Katherine Hepburn personally recommended Christopher Reeve, with whom she had worked on a play, and became good friends with the then-unknown actor, for the part of Fletcher Christian to Producer Dino De Laurentiis. After considering it, Reeve turned the part down, feeling he would be miscast, and Mel Gibson was hired instead for the role. He expressed no regrets years later over his decision, and felt Gibson was much better suited for the role.
There are shots through the movie (notably while the Bounty is attempting to round Cape Horn and as it approaches Tahiti) where Lieutenant Bligh is shown at the ship's wheel. This would never be done by the commander of a British Naval Ship, the wheel was always manned by crew members.
It was originally to be released as a two-part movie, one named "The Lawbreakers", that dealt with the voyage out to Tahiti and the subsequent mutiny, and the second named "The Long Arm", that studied the journey of the mutineers after the mutiny, as well as the Admiralty's response in sending out the frigate H.M.S. Pandora. Sir David Lean could not find financial backing for both movies after Warner Brothers withdrew from the project, so he decided to combine it into one, and even looked at a seven-part television mini-series, before finally getting backing from Producer Dino De Laurentiis.
The replica of the Bounty used in the movie was built in New Zealand before the script was even completed, at the cost of four million dollars. She was later destroyed and sunk in hurricane sandy off the coast of the carolinas with a cost of several lives, including her captain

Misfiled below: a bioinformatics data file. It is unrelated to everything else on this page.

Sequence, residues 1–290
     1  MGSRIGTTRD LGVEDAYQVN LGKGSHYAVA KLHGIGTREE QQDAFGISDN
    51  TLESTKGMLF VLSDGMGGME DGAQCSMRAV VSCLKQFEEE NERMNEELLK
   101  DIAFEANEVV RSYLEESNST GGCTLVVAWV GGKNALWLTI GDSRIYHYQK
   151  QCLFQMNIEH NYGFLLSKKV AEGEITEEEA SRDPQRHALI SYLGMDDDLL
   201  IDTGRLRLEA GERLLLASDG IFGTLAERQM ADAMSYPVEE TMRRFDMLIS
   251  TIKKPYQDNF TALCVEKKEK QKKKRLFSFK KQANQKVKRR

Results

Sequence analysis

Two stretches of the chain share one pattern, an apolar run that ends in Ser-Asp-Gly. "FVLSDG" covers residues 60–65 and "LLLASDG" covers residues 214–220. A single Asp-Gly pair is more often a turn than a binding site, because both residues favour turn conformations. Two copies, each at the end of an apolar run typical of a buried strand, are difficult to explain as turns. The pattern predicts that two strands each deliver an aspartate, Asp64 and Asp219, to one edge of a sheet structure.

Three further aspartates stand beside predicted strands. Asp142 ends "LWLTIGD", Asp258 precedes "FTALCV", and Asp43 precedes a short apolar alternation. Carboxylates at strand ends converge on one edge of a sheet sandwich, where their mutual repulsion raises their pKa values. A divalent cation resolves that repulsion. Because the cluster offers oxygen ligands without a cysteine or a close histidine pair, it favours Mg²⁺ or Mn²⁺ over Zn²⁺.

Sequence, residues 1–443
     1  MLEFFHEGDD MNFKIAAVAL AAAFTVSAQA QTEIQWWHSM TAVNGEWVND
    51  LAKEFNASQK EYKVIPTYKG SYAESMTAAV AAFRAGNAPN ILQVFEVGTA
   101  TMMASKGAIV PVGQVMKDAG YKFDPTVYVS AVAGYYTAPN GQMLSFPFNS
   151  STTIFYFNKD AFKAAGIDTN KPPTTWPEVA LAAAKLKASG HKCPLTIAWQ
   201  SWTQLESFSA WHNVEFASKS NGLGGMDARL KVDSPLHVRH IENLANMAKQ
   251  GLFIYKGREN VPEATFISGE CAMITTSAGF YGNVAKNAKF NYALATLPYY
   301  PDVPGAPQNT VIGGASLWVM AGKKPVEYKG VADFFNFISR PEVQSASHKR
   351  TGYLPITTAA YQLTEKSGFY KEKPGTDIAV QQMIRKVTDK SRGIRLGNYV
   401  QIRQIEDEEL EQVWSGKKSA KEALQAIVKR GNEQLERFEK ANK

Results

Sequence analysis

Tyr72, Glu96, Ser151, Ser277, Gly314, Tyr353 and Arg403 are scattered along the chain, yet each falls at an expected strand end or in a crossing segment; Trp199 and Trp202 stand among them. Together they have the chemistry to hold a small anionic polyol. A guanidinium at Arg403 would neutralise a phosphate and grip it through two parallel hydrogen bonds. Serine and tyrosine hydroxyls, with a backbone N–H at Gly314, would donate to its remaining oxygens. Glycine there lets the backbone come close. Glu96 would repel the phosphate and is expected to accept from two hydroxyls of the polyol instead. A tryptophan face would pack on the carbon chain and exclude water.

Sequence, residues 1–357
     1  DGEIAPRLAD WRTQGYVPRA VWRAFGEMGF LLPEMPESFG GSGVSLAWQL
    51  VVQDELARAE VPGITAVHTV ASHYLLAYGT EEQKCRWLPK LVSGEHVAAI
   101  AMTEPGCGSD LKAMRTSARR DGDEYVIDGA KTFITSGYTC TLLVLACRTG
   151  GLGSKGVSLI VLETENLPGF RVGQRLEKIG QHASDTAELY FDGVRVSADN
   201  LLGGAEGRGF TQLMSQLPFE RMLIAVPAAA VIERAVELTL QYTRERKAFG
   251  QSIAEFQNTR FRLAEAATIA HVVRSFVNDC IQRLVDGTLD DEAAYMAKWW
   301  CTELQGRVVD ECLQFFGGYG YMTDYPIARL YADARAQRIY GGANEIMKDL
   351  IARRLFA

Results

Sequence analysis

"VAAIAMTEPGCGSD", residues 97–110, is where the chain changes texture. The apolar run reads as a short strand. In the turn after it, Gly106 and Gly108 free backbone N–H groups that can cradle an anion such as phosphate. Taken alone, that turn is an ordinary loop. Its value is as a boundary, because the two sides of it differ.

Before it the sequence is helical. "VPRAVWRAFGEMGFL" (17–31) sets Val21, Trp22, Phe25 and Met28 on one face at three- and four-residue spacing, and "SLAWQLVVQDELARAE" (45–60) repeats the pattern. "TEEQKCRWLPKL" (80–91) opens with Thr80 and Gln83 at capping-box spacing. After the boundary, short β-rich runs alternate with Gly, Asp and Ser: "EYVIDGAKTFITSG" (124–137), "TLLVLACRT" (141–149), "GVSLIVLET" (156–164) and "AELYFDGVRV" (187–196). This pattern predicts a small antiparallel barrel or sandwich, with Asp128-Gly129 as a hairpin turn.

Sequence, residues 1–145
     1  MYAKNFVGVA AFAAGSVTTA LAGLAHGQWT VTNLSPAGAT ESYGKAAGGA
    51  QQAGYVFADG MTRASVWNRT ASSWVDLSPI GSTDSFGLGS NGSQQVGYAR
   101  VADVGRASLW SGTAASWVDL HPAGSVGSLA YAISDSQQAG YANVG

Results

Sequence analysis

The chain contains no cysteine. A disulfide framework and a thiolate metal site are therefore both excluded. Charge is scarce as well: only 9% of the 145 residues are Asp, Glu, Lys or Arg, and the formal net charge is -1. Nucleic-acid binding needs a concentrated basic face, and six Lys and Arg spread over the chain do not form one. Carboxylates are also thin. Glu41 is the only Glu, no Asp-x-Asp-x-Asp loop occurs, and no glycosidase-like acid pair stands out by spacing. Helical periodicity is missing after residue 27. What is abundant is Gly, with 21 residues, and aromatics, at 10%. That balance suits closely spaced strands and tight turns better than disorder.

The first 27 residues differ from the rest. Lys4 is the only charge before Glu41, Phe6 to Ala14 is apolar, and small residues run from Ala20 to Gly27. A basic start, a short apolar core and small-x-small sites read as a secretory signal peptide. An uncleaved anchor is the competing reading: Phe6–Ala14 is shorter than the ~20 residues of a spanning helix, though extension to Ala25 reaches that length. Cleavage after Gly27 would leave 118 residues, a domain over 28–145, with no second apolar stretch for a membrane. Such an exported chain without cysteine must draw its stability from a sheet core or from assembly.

Despite the fact that Vangelis had previously won an Oscar for Chariots of Fire (1981), and had a successful solo music career, there was no official soundtrack issued concurrent to the movie's release in 1984. In fact, a complete soundtrack CD wouldn't be issued until 2010.
Sir David Lean oversaw the construction of "The Bounty" replica ship, which was paid for by Producer Dino De Laurentiis, and constructed in New Zealand's most northern city Whangarei on its North Island's Northland Region.
Sir Anthony Hopkins and Daniel Day-Lewis played U.S. Presidents, and received Oscar nominations in the part. Day-Lewis won Best Actor for Lincoln (2012). Hopkins was nominated for Best Actor in a Supporting Role for playing John Quincy Adams in Amistad (1997), and Best Actor for Nixon (1995).
Though there was some filming done in Gisborne, on the New Zealand coast, and Kiwis provided actors, actresses, extras, and crew, including Second Unit, this movie is a U.S. and U.K. co-production, without any financing from New Zealand, and is such, is not classified as a New Zealand film, as evidenced by its non-inclusion in the book "New Zealand Film 1912-1996" (1997).
As previously pointed out, William Bligh eventually attained the rank of Vice Admiral in the Royal Navy, yet during his various tenures in command he faced three separate mutinies and was acquitted in all three. The first and most famous, the Bounty in 1789; HMS Director (a 64 gun ship of the line) during the Nore Mutiny in 1797; and finally as Governor of New South Wales, Australia partially over his strict discipline.
The trivia item below may give away important plot points.
When Fletcher Christian returns to Tahiti after the mutiny, he informs King Tynah that they had set Captain Bligh adrift. In real-life, Christian lied to Tynah, telling him that Bligh had met up with Captain Cook and together were founding a new settlement, and that they had sent Christian back to Tahiti for men and supplies.